To determine the prevalence of self-reported 1-year injury history and examine its association with preparticipation evaluation components aimed at predicting future injury risk (PPE-IP) among preprofessional ballet and contemporary dancers.
Preprofessional ballet school, university contemporary dance program.
Full-time preprofessional ballet and contemporary dancers.
Preparticipation evaluation consisted of the Athletic Coping Skills Inventory-28, body mass index, total bone mineral density, ankle range of motion, active standing turnout, lumbopelvic control, unipedal dynamic balance, and Y-Balance test.
Self-reported 1-year history of dance-related medical attention and/or time-loss injury.
A total of 155 ballet [n = 90, 80 females, median age 15 years (range 11-19)] and contemporary [n = 65, 63 females, median age 20 years (range 17-30)] dancers participated. Forty-six percent (95% confidence interval (CI), 38.4-54.6) reported a 1-year injury history. Self-reported injury history was not associated with any PPE-IP, however, an influence of age and psychological coping skills on the relationship between 1-year injury history and PPE-IP was identified. Multivariable analyses revealed that prevalence of 1-year injury history did not differ by age [referent group <15 years; 15-18 years: odds ratio (OR) 0.80 (95% CI, 0.35-1.79); >18 years: OR 0.69 (95% CI, 0.30-1.56)], or level of psychological coping skills [OR 1.35 (95% CI, 0.61-2.94)].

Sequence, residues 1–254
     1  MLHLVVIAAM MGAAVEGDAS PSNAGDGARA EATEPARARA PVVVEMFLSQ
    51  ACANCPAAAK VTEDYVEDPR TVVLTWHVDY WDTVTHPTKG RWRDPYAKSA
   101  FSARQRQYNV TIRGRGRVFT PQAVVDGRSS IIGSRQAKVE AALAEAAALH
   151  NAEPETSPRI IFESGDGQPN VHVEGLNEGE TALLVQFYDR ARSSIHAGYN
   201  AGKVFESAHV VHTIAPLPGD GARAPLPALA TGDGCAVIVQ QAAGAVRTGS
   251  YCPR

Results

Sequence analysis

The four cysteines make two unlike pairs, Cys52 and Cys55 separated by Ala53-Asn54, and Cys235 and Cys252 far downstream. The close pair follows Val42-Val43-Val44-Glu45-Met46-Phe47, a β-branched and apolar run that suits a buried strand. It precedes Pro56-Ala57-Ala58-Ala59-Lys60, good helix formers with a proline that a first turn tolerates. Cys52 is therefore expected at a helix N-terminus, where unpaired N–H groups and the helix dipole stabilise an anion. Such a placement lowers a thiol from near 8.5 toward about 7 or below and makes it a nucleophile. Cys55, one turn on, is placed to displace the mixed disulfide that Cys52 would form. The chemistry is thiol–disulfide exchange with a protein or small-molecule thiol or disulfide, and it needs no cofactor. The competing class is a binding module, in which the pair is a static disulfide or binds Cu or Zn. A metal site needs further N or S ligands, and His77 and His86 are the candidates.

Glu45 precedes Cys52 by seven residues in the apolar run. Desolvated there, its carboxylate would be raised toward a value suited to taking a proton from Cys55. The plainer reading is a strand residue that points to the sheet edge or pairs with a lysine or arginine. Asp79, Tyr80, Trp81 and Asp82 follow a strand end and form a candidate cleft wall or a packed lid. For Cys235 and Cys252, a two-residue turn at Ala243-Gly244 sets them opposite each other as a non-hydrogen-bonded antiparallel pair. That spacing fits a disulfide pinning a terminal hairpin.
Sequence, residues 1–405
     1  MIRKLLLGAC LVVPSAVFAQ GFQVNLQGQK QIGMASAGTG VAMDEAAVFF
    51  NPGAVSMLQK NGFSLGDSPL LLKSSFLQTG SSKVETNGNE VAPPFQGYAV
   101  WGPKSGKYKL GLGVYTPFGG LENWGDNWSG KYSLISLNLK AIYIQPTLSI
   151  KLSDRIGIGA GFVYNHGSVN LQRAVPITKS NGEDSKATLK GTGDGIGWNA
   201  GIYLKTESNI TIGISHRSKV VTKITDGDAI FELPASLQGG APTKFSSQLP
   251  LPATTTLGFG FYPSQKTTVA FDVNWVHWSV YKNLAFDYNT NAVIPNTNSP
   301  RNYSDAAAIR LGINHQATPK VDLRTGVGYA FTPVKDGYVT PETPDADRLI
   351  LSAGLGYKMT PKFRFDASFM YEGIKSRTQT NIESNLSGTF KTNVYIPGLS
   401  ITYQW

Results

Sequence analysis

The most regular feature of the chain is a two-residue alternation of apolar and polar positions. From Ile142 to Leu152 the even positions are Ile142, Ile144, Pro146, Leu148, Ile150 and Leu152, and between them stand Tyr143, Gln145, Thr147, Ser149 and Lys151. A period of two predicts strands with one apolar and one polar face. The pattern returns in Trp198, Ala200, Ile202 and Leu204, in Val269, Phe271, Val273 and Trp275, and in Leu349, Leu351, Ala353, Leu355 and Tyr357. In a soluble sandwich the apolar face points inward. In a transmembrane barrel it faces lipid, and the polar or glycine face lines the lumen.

The prevalence of self-reported 1-year injury history among preprofessional ballet and contemporary dancers is high. Although measures of PPE-IP did not differ based on injury history, it is important that age and psychological coping skills are considered in future dance injury prevention and prediction research.
Level 3 evidence.
*Sport Injury Prevention Research Centre, Faculty of Kinesiology, University of Calgary, Calgary, AB, Canada;
†Department of Community Health Sciences, Cumming School of Medicine, University of Calgary, Calgary, AB, Canada;
‡Department of Physical Therapy, Faculty of Rehabilitation Medicine, University of Alberta, Edmonton, AB, Canada;
§Glen Sather Sports Medicine Clinic, University of Alberta, Edmonton, AB, Canada; and
¶Department of Pediatrics, Alberta Children's Hospital Research Institute for Child and Maternal Health, Cumming School of Medicine, University of Calgary, Calgary, AB, Canada.
Corresponding Author: Sarah J. Kenny, PhD, 2500 University Dr. NW Calgary, AB, Canada, T2N 1N4 (email@example.com).
The Sport Injury Prevention Research Centre is supported by an International Olympic Committee Research Centre Award. S. J. Kenny is funded by a Talisman Energy Research Fund in Healthy Living and Optimizing Health Outcomes. C. A. Emery holds a Chair in Pediatric Rehabilitation Alberta Children's Hospital Foundation.
This work was presented at the 35th Annual Symposium of the Performing Arts Medicine Association held in Snowmass, Colorado, on July 1, 2017.
The authors report no conflicts of interest.
Supplemental digital content is available for this article. Direct URL citations appear in the printed text and are provided in the HTML and PDF versions of this article on the journal's Web site (www.cjsportmed.com).
The study protocol was approved by the Conjoint Health Research Ethics Board at the University of Calgary, Canada.
Received January 16, 2017
Accepted July 22, 2017